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NJ Transit Accused of Ignoring Rules, Hiding Official's ConcernsBy
Whistle-blower complaint says higher-ups ordered memos buried
Federal fixes given ‘lip service,’ ex-compliance chief claims
New Jersey Transit thwarted warnings about years-long safety issues and instructed its compliance chief to label his written concerns as confidential to prevent scrutiny by attorneys, media and the public, according to a whistle-blower complaint filed with the U.S. Labor Department.
When Todd Barretta started the job last March, he alleges in the complaint, he witnessed rail crews given the answers to operating-rules tests, and discovered federal recommendations that had been unaddressed for three years. When Barretta raised concerns, he was instructed to mark his communications as confidential “to circumvent New Jersey’s Open Public Records Act and any other discovery rules,” according to a copy of the complaint obtained by Bloomberg News.
“I found a profoundly unsafe public agency culture where managers were allowed to give lip service to federal rail-safety rules and regulations,” according to the document, which was filed Jan. 10 with the Labor Department’s Region 2 whistle-blower office, based in Manhattan. His attempt to “change NJT’s unsafe culture” led him to be fired in August, Barretta says in the complaint.
NJ Transit spokeswoman Nancy Snyder, in an email, said that while the agency typically doesn’t comment on ongoing litigation, officials “feel compelled” to do so in this case. NJ Transit “categorically denies the allegations in Mr. Barretta’s complaint,” she wrote.
The agency provided a letter from federal officials, dated Dec. 21, which found NJ Transit to be in compliance with drug and alcohol policies, despite Barretta’s testimony that it was not. “This is just one example that speaks to the veracity of Mr. Barretta’s claims,” she wrote.
Barretta’s filing names the agency and Executive Director Steven Santoro, who submitted his resignation letter this month. In a lawsuit filed against Barretta in September, the agency claimed his misuse of an agency car and other policy violations led to his firing from his $175,000-a-year job. Barretta says those allegations are baseless.
The nation’s second-biggest commuter-rail provider, with the highest federal fines and most accidents among its peers, maintains that safety is its top priority.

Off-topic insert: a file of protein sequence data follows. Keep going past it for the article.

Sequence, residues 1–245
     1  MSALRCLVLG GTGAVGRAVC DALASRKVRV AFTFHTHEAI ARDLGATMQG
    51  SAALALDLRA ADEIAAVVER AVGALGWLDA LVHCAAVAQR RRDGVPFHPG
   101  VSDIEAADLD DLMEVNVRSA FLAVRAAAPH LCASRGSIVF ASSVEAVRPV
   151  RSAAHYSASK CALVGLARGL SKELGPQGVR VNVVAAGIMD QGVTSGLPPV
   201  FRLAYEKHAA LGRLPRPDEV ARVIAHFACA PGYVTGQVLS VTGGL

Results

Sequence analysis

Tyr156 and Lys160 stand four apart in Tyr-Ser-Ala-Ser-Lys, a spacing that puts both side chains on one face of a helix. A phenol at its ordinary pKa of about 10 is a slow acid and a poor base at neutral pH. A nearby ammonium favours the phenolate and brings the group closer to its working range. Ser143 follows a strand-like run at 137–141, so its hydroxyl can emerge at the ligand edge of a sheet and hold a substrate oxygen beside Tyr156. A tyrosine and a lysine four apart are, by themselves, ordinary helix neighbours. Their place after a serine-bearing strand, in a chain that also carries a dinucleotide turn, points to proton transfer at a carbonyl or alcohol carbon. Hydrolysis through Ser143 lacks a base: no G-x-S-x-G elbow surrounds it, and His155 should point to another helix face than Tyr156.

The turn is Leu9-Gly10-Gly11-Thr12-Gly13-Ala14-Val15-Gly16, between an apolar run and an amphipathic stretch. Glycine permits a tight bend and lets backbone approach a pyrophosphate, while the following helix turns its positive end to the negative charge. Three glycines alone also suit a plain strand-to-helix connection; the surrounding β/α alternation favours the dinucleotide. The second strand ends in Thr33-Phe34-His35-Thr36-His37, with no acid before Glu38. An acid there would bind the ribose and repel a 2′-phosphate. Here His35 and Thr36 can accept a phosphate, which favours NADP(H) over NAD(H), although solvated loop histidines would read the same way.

Governor-elect Phil Murphy, a Democrat who will succeed two-term Republican Chris Christie on Jan. 16, last month called NJ Transit “a national disgrace.” Documents obtained by Bloomberg show that his transition has asked for resignation letters from at least nine senior staffers with political connections to Christie, who slashed state aid to NJ Transit and twice raised fares while the railroad’s reliability crumbled and crowding increased.
Four days after Barretta was dismissed, he told a legislative panel examining NJ Transit finances and operations that the agency operated on a Christie-enforced culture of fear that drove out professionals with decades of institutional knowledge.
In his complaint, Barretta says he told bosses that a December 2018 deadline to install lifesaving train-control technology was likely to be missed. He also expressed concerns that the agency’s program to address federal rules on fatigue by engineers and conductors was insufficient. He was told by his bosses “to stop complaining and putting things in writing,” according to the complaint.
In an emailed statement, Barretta’s attorney, Charles Goetsch, said the whistle-blower complaint “gives New Jersey Transit and the new administration the opportunity to get back on track by doing the right thing, which is to reinstate Todd as chief compliance officer so he can continue his efforts to bring NJT into compliance with crucial federal railroad safety regulations.”
Barretta, an attorney who also has a master’s in business administration, is seeking an unspecified monetary award and maximum punitive damages “to send an unmistakable message to NJT that its unsafe culture of retaliation against employees who report safety hazards or who seek to comply with Federal Railroad Administration safety rules must change once and for all,” according to the complaint.
In an email, Barretta said: “I want back the opportunity that was stolen from me -- the opportunity to deliver the safe, reliable and efficient public transportation system that the citizens of this state deserve.”